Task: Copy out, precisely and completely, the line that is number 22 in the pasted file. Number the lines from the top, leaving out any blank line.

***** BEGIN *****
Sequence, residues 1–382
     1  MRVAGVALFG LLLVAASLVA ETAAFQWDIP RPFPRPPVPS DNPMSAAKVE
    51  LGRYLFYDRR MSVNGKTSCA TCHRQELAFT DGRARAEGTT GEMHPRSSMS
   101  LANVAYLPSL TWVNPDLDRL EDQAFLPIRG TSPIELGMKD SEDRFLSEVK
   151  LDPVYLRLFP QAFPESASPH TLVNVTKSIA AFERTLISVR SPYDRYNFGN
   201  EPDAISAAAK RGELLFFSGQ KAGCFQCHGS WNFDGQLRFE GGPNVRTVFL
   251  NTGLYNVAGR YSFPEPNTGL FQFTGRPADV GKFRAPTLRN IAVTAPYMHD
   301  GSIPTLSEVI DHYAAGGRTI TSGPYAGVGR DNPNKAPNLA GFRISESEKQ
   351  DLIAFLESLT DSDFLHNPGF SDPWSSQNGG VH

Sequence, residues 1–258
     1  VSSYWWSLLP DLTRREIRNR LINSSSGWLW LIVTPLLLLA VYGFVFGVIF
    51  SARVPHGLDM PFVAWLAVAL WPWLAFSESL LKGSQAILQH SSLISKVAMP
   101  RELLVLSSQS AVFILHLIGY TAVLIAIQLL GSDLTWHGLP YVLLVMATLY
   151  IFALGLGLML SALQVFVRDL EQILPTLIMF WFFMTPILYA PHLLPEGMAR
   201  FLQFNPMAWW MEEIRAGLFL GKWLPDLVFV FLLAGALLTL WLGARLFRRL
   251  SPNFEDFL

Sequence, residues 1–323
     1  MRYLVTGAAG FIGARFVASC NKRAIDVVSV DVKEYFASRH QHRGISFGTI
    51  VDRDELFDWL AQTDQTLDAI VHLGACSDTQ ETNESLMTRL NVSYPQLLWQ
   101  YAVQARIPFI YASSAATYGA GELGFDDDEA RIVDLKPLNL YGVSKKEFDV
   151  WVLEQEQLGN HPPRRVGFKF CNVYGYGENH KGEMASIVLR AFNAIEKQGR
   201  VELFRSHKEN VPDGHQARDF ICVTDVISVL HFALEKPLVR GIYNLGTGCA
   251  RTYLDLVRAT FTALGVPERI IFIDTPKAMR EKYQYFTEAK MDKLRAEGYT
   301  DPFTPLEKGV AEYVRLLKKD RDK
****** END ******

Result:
   201  VELFRSHKEN VPDGHQARDF ICVTDVISVL HFALEKPLVR GIYNLGTGCA